Bashing Business Budget?
The Chancellor, Philip Hammond, may have expected some plaudits for his increases in social care spending and higher funding across a number of areas health, education and infrastructure. Sadly for him the big headlines have made by his supposed attack on “white man van” – the self-employed.
Here’s our pick of the highlights of the Chancellor’s first budget (and the last one to be delivered in Spring).
The announcement that set Fleet Street ranting was an increase in Class 4 National Insurance for the self-employed. The rate will go up from 9% to 10% in April 2018, and then form 10% to 11% in April 2019.
The increased NI rate applies to earnings between £8,060 and £43,000. Class 4 earnings over £43,000 will continue to be taxed at 2%.
Commentators have said that this means the self-employed could pay, on average, around £240 per year more in NI.
In an attack on both small business directors and on wealthier savers the tax-free dividend allowance will fall from £5,000 to £2,000 per year from April 2018.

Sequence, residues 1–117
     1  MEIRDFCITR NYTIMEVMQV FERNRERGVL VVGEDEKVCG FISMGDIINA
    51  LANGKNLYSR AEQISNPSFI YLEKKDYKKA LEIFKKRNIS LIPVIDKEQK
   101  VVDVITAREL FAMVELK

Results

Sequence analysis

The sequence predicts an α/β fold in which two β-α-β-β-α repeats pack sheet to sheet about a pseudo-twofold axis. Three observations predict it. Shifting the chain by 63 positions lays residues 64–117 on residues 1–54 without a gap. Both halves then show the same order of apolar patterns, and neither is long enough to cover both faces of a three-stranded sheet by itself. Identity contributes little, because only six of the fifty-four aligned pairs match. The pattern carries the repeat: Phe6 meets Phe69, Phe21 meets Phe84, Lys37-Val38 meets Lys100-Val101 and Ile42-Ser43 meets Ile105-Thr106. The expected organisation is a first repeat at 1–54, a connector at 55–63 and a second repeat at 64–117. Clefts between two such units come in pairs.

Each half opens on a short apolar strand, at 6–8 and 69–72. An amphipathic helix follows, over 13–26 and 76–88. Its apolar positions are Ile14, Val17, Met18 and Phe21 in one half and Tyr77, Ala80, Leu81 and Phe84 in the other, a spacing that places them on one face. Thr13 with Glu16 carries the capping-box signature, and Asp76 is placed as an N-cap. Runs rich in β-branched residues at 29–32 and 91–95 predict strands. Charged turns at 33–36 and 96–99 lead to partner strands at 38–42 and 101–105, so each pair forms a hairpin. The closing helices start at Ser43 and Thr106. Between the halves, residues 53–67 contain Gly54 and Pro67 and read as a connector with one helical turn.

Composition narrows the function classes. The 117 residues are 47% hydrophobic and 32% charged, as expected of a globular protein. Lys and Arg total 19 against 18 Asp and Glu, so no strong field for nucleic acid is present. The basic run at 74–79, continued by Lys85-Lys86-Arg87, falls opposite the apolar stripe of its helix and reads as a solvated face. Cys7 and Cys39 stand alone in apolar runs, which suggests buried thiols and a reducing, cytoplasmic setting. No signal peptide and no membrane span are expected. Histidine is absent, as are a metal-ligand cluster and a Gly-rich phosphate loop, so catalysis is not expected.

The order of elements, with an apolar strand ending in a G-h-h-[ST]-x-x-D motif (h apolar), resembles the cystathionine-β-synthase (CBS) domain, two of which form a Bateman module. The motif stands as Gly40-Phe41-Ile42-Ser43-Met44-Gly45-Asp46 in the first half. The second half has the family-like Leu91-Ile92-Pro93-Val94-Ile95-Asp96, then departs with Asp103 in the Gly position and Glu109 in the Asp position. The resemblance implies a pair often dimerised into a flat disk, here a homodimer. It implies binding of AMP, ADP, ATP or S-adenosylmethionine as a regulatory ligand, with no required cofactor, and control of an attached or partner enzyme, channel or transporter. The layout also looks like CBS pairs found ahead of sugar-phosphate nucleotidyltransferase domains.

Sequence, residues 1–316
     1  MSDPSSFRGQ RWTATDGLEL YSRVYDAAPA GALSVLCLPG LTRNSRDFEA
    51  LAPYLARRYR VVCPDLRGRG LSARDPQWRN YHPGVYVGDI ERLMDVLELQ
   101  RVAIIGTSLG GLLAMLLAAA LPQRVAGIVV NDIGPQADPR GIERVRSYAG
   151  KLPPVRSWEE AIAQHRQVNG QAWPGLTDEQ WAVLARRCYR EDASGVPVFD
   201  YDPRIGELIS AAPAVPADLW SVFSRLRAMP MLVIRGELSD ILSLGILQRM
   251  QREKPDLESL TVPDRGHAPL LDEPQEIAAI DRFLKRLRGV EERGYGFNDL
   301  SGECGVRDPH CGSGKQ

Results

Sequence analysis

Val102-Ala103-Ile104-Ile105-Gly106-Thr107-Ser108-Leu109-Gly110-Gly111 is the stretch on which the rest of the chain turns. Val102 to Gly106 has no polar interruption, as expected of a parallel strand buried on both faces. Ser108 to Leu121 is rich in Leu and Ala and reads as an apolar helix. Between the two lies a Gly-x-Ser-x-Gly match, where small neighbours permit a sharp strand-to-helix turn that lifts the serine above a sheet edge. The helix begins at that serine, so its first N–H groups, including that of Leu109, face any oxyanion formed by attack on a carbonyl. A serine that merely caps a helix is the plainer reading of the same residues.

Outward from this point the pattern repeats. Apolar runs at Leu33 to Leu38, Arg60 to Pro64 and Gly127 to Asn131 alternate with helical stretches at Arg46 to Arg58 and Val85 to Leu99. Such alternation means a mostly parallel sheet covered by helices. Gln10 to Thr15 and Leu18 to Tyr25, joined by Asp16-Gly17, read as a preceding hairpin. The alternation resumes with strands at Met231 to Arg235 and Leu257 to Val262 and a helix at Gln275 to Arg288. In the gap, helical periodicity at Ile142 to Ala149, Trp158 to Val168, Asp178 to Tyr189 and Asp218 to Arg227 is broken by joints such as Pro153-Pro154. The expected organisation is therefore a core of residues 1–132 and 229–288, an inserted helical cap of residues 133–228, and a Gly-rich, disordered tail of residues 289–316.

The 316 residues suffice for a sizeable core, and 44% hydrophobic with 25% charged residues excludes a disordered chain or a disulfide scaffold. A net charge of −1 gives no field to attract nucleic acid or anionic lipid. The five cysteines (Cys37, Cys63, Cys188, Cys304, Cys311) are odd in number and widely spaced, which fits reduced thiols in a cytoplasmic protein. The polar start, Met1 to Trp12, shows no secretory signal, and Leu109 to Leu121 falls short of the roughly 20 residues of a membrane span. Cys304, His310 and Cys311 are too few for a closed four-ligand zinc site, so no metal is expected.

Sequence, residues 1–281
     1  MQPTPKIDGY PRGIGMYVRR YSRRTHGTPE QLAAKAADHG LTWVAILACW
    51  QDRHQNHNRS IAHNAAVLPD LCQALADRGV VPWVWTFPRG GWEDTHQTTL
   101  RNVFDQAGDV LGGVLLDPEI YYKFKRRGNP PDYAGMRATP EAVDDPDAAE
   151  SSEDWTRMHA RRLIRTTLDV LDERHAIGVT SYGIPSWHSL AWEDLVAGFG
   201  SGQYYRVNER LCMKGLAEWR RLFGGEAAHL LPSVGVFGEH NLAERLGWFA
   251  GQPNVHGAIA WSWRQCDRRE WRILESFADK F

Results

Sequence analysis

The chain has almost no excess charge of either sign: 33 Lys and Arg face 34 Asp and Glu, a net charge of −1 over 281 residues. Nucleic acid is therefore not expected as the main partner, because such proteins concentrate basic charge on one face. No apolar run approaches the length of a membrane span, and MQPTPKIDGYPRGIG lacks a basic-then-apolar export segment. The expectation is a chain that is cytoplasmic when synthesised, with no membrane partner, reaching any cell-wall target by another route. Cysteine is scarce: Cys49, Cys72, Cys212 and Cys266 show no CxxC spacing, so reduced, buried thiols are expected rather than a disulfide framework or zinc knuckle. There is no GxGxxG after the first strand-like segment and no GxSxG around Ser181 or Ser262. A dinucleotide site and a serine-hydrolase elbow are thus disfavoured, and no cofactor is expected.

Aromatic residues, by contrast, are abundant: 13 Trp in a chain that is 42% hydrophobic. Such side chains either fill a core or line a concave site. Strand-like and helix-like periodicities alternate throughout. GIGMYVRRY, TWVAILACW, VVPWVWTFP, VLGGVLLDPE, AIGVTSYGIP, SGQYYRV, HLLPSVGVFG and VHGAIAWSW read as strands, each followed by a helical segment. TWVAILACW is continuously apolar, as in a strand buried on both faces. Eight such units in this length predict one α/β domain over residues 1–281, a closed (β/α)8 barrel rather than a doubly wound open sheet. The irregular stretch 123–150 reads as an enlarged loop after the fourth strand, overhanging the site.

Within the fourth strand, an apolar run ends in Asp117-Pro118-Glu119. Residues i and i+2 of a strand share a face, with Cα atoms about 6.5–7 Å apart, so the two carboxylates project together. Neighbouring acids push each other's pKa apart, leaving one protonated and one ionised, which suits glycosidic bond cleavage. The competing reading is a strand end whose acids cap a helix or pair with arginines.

The personal allowance will rise by £500 to £11,500 and the higher rate threshold increases to £45,000 from April 2017.
The annual ISA allowance increases to £20,000 from April 2017
£435 million of support has been set-aside to mitigate the affects of interest rate rises. Pubs have been singled out for help with a £1,000 discount on rates for one year (if they have a rateable value less than £100,000.
Local authorities are being given £300m to provide discretionary relief.
Measures have been put in place to stamp down on tax avoidance. These include:
- Greater regulation of pension transfers to foreign schemes
- Imposition of VAT on mobile phone use by UK residents when outside of the EU
- Penalties on professionals who sell tax avoidance schemes that are later found to be unlawful.
Unsure What This Means for You?
There are a number of Budget changes that will impact our small business clients. If you aren’t sure how this will affect you and your business in the months and years ahead then Lewis Smith & Co. can help.
Simply call 01384 235549 or email email@example.com to set-up a free, no-obligation discussion about your tax situation.